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By spacecraft standards, the 960-kg Giotto was quite modest in size. Its main body was a short cylinder, 1.85 m in diameter by about 1.1 m in height. It contained three interior platforms: the top platform (30 cm thick), a main platform (40 cm), and an experiment platform (30 cm). Each of these consisted of a disc within the cylinder, on which were mounted various subsystems and science experiments. On top of the cylinder was a tripod which surrounded a 1.5 m diameter high-gain dish antenna, which gave the spacecraft a total height of 2.85 m. The main rocket motor was positioned in the centre of the cylinder with the nozzle protruding from the bottom.
The most difficult problem to overcome was how to ensure that Giotto survived long enough to snap its close-up pictures of the comet nucleus when the spacecraft and the comet were heading towards each other at a combined speed of 245 000 km/hour (equivalent to crossing the Atlantic Ocean in 11 minutes!). At this speed, a 0.1-gram dust particle would be able to penetrate 8 cm of solid aluminium. Since it was out of the question to equip Giotto with a 600-kg aluminium shield, engineers turned to a more subtle, 'sandwich' design first proposed by American astronomer Fred Whipple back in 1947 − long before the beginning of the Space Age.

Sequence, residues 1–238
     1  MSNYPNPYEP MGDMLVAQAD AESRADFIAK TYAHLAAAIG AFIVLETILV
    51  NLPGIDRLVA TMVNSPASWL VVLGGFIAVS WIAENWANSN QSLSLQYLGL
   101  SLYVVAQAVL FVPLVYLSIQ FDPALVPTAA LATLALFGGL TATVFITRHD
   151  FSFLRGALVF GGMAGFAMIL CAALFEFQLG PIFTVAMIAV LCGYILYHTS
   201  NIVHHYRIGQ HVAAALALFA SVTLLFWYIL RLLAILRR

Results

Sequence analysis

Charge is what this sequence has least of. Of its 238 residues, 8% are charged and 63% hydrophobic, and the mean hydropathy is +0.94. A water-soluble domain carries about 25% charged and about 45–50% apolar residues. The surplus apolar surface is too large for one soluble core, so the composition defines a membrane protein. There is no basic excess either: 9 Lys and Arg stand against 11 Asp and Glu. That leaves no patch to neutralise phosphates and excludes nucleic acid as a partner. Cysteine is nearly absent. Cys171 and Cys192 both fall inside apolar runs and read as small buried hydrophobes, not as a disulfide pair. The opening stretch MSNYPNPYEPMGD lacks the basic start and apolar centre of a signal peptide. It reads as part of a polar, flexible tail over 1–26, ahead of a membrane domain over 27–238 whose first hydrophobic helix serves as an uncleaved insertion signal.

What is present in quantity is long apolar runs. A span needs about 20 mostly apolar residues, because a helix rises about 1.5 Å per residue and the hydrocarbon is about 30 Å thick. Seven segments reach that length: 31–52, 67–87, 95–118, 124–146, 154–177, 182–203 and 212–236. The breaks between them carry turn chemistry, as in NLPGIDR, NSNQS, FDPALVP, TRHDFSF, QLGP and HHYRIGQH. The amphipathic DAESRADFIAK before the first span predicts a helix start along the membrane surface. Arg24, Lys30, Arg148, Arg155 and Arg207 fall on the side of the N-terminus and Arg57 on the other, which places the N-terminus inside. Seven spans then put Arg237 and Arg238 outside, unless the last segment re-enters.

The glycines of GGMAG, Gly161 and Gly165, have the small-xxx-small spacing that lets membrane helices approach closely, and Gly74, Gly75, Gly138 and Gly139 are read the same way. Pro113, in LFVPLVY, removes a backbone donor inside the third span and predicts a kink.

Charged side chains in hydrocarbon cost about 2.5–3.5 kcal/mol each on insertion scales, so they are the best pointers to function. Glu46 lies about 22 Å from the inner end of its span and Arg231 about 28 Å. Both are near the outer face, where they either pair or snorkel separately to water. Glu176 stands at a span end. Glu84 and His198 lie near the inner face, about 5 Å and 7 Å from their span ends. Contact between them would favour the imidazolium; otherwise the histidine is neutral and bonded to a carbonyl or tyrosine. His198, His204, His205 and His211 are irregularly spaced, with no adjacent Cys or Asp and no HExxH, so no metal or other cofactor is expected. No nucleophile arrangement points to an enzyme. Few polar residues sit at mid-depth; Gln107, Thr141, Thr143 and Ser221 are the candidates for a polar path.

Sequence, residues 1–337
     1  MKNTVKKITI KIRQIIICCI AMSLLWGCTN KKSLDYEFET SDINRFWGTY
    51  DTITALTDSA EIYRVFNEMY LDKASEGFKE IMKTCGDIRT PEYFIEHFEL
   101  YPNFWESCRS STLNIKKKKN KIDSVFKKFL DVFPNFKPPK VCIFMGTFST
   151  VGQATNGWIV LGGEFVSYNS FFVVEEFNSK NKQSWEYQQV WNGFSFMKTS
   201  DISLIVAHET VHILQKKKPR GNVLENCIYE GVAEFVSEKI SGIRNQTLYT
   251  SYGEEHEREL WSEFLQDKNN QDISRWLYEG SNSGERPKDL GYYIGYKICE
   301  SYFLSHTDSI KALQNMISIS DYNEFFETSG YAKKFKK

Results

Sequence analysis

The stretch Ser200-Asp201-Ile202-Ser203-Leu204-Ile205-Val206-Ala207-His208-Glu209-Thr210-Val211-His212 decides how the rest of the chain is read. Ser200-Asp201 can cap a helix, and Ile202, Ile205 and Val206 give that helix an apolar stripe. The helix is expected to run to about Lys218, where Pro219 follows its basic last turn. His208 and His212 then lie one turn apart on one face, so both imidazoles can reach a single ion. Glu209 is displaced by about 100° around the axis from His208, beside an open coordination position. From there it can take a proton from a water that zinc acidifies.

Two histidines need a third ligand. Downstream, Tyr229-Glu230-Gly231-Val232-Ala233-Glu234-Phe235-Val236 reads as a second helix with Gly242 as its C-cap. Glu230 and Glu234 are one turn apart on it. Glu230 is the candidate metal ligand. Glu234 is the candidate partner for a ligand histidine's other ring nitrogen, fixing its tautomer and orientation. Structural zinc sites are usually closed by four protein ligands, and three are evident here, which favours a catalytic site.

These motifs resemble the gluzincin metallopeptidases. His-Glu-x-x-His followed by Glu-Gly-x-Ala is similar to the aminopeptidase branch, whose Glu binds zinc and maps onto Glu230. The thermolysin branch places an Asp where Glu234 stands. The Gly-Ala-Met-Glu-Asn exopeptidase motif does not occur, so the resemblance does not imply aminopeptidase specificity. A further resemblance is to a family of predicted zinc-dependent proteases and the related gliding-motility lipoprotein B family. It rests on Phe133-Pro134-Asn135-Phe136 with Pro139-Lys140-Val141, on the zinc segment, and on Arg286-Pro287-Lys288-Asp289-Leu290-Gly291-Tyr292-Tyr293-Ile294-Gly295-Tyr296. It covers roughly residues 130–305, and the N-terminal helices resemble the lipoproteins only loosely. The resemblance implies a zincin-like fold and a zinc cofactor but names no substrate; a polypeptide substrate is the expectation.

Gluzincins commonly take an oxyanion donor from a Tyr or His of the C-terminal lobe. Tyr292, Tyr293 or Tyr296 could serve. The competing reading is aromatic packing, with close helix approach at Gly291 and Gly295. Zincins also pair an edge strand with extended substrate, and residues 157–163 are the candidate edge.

The spacecraft's dust shield consisted of two protective sheets, 23 cm apart. At the front was a sheet of aluminium (1 mm thick), which would vapourise all but the largest of the incoming dust particles. A 12-mm thick sheet of Kevlar at the rear would absorb any debris that pierced the front barrier. Together they could withstand impacts from particles up to 1 gram in mass and travelling 50 times faster than a bullet.